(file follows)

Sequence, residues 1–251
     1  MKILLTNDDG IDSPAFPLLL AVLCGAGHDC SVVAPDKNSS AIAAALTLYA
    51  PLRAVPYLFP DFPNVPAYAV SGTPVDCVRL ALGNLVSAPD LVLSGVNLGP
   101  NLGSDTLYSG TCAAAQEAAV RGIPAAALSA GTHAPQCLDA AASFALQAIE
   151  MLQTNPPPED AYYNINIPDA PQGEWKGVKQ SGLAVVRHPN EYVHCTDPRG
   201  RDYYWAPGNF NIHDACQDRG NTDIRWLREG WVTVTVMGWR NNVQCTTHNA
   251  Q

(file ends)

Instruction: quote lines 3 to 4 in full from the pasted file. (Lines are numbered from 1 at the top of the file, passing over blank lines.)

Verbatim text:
    51  PLRAVPYLFP DFPNVPAYAV SGTPVDCVRL ALGNLVSAPD LVLSGVNLGP
   101  NLGSDTLYSG TCAAAQEAAV RGIPAAALSA GTHAPQCLDA AASFALQAIE